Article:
Spanish-language broadcasting powerhouses Grupo Televisa and
Univision Communications Thursday said that they have settled their years-long
programming dispute, agreeing to a new deal that increases payments to
According to several published reports, Univision agreed to
pay Televisa about $585 million in the settlement -- $25 million in cash, plus
advertising time worth $65 million a year through the life of the deal.
Univision would not comment on the reports.
"This was truly a mutually beneficial agreement," a
spokesperson for the network said in a statement. "The cash and EBITDA
impact to Univision from the settlement is minimal."
According to the parties, the new agreement, terms of which
were not disclosed, will run through 2017 and will include a simplified royalty
payment that will result in increased payments to Televisa in exchange for
incremental rights for Univision. The two companies said that litigation
between the parties under way in Los
Angeles federal court has been settled and will be
"We are pleased that today's
settlement concludes this time-consuming litigation," the companies said in a
joint statement. "This settlement serves the best business interests of both
Televisa and Univision. It assures the public that Univision will continue to
have access to consistently top quality Hispanic programming. It enables
Televisa to continue utilizing Univision's extensive television networks as an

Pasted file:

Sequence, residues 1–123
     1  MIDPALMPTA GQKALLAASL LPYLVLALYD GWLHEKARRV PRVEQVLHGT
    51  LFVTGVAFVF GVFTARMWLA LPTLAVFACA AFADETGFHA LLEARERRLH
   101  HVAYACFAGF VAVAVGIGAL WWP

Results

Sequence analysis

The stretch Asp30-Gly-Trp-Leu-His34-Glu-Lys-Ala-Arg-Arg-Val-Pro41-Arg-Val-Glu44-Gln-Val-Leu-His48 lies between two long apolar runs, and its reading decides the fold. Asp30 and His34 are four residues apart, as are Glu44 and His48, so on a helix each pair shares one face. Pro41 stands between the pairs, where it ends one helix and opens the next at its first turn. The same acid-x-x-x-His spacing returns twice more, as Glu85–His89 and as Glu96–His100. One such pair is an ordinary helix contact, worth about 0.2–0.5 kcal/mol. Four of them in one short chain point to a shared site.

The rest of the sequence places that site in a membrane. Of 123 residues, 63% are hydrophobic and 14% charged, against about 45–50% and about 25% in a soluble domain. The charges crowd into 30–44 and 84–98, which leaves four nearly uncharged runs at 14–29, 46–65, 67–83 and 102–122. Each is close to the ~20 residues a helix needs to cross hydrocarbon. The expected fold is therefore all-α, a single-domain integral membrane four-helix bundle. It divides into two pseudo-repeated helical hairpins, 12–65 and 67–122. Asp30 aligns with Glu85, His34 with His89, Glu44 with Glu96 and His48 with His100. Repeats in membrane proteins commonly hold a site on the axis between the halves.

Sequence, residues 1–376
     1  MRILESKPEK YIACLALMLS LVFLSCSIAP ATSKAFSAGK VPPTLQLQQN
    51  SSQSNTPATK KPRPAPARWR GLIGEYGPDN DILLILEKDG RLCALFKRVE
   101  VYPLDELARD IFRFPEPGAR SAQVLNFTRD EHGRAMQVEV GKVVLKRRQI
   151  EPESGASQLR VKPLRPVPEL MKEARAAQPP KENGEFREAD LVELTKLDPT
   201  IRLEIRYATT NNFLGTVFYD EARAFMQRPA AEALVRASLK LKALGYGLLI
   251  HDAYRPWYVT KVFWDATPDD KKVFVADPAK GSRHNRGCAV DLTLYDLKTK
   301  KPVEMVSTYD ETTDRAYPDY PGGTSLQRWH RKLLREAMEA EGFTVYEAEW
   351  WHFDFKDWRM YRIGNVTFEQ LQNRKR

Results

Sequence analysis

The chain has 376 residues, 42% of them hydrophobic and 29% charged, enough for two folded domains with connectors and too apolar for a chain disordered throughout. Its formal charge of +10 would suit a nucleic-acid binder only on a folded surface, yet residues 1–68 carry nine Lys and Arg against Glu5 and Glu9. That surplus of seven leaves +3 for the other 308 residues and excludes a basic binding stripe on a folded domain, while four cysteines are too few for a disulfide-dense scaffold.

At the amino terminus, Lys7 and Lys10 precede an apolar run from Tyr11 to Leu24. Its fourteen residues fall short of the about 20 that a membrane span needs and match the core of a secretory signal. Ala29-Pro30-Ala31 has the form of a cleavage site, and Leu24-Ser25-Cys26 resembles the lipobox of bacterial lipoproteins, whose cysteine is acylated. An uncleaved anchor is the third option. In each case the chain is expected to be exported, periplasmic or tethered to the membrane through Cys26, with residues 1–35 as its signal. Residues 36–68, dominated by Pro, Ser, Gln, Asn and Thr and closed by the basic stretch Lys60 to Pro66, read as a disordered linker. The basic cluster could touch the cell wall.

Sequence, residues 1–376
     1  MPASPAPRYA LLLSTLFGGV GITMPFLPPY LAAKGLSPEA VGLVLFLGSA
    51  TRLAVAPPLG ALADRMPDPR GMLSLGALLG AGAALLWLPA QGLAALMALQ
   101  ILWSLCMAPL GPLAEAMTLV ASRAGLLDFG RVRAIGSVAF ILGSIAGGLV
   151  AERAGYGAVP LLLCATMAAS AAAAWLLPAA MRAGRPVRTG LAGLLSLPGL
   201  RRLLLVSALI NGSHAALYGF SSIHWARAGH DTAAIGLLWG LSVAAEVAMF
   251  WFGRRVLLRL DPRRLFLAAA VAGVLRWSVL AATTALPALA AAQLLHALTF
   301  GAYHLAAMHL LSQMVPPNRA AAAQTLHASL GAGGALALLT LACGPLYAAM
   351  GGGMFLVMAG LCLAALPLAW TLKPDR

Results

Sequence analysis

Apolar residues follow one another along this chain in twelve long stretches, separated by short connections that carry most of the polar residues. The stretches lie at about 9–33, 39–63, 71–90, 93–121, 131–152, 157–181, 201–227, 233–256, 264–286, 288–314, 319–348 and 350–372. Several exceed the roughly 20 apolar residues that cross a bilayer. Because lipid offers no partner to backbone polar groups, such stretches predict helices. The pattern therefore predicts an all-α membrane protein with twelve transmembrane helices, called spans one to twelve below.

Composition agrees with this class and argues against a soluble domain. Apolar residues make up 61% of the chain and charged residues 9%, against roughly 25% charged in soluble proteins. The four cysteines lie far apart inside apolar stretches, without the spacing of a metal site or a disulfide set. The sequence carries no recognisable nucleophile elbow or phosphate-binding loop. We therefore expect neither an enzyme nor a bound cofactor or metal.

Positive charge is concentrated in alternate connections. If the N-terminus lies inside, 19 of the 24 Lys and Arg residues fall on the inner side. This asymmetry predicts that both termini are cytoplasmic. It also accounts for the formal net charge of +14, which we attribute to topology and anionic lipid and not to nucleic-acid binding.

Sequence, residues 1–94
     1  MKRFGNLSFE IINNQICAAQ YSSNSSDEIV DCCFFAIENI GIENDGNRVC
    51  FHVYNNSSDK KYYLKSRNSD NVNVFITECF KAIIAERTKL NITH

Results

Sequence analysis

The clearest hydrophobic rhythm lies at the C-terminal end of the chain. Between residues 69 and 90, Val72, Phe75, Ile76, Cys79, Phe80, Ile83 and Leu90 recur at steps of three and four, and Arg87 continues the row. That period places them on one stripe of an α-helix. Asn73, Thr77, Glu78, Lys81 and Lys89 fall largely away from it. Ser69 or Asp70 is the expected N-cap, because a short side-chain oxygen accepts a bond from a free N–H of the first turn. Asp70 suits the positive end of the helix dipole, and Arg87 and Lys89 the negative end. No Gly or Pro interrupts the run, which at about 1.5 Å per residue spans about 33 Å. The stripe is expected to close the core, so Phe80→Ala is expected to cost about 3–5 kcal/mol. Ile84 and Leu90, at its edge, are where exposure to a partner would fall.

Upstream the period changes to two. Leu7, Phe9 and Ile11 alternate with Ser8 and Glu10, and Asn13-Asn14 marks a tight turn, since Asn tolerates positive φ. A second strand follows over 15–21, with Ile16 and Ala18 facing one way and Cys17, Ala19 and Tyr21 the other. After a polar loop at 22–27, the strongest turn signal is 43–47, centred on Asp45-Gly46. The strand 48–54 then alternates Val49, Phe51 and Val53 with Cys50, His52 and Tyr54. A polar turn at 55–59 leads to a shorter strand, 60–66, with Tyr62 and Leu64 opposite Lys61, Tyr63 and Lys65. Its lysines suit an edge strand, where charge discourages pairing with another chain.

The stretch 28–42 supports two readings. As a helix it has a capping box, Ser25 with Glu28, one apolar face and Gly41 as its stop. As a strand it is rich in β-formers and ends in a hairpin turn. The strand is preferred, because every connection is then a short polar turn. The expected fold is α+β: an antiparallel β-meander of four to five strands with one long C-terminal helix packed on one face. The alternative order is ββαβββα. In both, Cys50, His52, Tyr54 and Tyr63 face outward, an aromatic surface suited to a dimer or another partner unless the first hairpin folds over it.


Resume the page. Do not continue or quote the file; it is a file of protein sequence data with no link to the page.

important distribution channel for its content into the U.S. marketplace."
"For Univision, it assures that
there will be no disruption in some of its most popular and valuable
programming, as well as affording Univision an ongoing pipeline of future
content developed by Televisa," the statement concluded.
Televisa, based in Mexico City, produces telenovelas and other popular
programming for Univision, the largest Spanish-language broadcaster in the U.S.
The dispute goes back to 2005, when Televisa filed suit in
U.S District Court for the Central District of California, alleging Univision's
failure to pay royalties and unauthorized editing of certain Televisa programs.
The trial began on Jan. 6 of this year.
Adding fuel to the dispute was Univision's decision to put
itself up for sale, which Televisa-an early bidder for the broadcaster-claimed would
void its programming agreements.
Televisa later said that Univision owed it about $118
million in unpaid royalties, primarily for unsold commercial time used by
Univision subsidiaries. So far, Univision has paid about $20 million of that
amount under protest.
Univision was sold to a group of investors including Saban
Capital Group, Madison Dearborn Partners, Thomas H. Lee Partners, Providence
Equity Partners and Texas Pacific Partners in 2006 for $13.7 billion.
In a separate deal, Televisa will license to Univision the home games for the
three Televisa-owned teams-America,
Necaxa and San Luis- for 2009.
previously planned, the United States Internet rights to Televisa programming
will be adjudicated in a federal district court in Los Angeles in March 2009.
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